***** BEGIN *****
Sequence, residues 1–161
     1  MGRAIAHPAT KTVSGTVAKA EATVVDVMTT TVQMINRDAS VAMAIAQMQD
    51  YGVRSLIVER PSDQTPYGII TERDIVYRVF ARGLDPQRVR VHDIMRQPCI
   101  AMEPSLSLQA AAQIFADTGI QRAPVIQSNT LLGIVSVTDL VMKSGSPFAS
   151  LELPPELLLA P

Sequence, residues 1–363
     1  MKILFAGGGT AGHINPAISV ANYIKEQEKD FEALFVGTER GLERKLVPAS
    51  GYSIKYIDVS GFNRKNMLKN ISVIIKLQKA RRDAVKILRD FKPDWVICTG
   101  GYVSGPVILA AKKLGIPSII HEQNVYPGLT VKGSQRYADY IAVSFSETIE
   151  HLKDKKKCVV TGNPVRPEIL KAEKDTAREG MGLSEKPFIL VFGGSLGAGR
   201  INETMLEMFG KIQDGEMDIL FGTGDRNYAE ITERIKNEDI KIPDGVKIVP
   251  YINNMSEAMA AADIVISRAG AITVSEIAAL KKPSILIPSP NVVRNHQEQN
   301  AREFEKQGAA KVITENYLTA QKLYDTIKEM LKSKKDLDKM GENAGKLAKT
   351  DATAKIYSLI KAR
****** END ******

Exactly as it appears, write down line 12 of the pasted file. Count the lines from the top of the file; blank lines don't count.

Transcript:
   251  YINNMSEAMA AADIVISRAG AITVSEIAAL KKPSILIPSP NVVRNHQEQN